Coverage of assert statements.

Issue #160 closed
npinto created an issue


I'm trying to use to get the coverage (duh!) of both outcomes in assert statements [1]. Am I missing something or is this not (yet) possible?

Let me know how can I contribute.


[1] In our code base we use many (possibly very slow) asserts during development, this is really useful in production for performance reasons since we can use python -OO to remove the execution of asserts.

Comments (11)

  1. Ned Batchelder repo owner can't influence what code paths you execute, it merely monitors what code paths are executed. It's up to you to design a test suite that exercises all of the test cases you need tested. Maybe I don't understand your problem?

  2. npinto reporter

    But won't tell me if my test suite elicited both path of an assert statement (True or False). Any thoughts on how to expose this in ?

  3. Ned Batchelder repo owner

    I see what you mean. There are a few things that come to mind:

    1) I didn't realize this, but an assert statement is actually compiled as if it were: if condition: raise AssertionError, so I suppose there's enough information in the bytecode to do what you want. Actually, I wonder why it doesn't already do what you want.

    2) It's not clear to me that everyone would want to require that all their asserts go both ways to consider their code fully covered.

  4. Former user Account Deleted

    Thanks for the fast answer.

    Re: 1)

    Is there an easy way to expose this, and maybe enable this behavior with a command line option?

    Re: 2)

    This is a valid point, but I like using asserts since they are very concise *and* easily removed with python -OO for production.

    I'll be happy to take a stab at the code but since I'm not "in" the codebase right now, I would appreciate pointers / strategies on how to do this optimally (i.e. that will fit your requirements to get merged).

    Thanks again.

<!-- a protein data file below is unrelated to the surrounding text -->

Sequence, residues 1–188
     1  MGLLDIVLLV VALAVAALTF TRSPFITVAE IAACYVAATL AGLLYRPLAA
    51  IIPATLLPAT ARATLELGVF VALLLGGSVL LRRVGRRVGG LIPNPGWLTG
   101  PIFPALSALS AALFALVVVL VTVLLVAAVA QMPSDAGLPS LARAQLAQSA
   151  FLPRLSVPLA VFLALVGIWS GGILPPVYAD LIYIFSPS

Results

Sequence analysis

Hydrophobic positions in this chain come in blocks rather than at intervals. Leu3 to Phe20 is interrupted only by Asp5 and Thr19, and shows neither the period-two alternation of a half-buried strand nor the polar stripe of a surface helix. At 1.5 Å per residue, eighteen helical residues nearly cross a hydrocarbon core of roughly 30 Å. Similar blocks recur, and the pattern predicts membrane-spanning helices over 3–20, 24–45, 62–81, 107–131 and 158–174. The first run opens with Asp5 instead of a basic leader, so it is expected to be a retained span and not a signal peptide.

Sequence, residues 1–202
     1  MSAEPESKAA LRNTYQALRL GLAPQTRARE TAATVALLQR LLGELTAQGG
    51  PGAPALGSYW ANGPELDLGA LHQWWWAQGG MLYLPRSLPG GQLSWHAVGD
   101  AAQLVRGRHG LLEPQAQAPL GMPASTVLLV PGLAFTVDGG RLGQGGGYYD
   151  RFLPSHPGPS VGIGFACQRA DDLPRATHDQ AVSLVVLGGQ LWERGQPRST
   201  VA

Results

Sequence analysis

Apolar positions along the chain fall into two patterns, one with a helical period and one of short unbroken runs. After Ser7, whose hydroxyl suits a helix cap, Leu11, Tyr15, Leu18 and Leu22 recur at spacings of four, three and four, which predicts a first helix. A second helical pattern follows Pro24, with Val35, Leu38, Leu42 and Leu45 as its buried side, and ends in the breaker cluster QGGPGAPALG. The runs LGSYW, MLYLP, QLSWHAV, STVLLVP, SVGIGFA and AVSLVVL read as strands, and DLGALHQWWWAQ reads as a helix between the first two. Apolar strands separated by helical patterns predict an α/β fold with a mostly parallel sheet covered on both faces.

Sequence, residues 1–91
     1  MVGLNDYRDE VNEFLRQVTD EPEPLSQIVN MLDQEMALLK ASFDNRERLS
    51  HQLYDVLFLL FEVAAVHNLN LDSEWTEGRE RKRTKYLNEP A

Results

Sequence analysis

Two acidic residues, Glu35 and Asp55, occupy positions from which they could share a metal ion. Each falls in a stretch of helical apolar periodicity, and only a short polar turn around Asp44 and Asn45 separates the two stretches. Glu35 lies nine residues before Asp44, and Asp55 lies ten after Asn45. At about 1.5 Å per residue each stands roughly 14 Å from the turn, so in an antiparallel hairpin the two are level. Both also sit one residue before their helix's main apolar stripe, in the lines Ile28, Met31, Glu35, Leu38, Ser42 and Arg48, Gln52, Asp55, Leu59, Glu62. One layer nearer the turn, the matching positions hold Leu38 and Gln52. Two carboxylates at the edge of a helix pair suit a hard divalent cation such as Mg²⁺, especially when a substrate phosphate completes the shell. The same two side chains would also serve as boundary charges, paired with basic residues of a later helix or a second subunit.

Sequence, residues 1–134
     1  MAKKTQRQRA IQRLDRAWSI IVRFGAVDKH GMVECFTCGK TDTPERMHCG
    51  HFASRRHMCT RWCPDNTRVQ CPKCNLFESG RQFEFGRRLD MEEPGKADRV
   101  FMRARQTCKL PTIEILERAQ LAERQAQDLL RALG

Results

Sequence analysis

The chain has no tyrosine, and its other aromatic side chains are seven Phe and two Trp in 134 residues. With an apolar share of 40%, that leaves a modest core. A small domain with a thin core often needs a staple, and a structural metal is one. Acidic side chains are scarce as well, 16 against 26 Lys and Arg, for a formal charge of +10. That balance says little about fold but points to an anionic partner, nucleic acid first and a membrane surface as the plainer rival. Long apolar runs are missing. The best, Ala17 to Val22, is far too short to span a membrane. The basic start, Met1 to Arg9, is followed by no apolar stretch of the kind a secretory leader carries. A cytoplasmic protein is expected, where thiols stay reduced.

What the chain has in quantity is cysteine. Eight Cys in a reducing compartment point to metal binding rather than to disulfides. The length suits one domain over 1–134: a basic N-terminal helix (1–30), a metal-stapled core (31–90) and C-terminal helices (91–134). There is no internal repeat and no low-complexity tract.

5. npinto reporter


    I'll be happy to contribute a pull request if you let me know how you would like this to be exposed, of course only if you think the feature is interesting.



  6. Ned Batchelder repo owner

    Earlier I said "I don't know why it doesn't already do this." It's because the compiled code is all associated with the same source line. For example, coverage also can't do branch coverage for a one-line if like this:

    if a: print b

    So something significant would have to change in for it to be able to detect whether asserts went both ways. Possibilities include:

    1. Preprocess the source to change assert statements
    2. Preprocess the bytecode to fiddle with the line numbers
    3. Change the trace function to record exceptions raised

    None of these are simple, and represent a major new feature in

  7. npinto reporter

    Thanks Ned for the quick reply.

    I'd like to try "1." (i.e. code transformation before coverage), at least get the ball rolling. What would be the best entry point to begin this?

    Thanks again.

  8. Ned Batchelder repo owner

    Hmm, I'm reluctant to start transforming source code, especially since it would throw off the source code reporting. I'm not sure any of these approaches is a good idea, but #3 fits the current code base best. I'm honestly not sure what information is available in the trace function for tracking exceptions, but you can give it a try. Look in, line 96 to get started.

  9. Felipe

    Not at all familiar with the code, but given that the 3 proposed alternatives seemed so difficult let me chime in with a 4th:

    Add a # pragma: raises Exception_1 Exception_2 ... pragma that lets the user hint what exceptions are potentially raised on a given line. Then, in parallel/after the existing analysis run a simple scan to parse out try/except clauses using ast and tokenize to pull out the comments (like in your SO answer here). You could then add a branch from the pragma line to the error handler.You could start out only supporting intra-file raises pragmas for simplicity.

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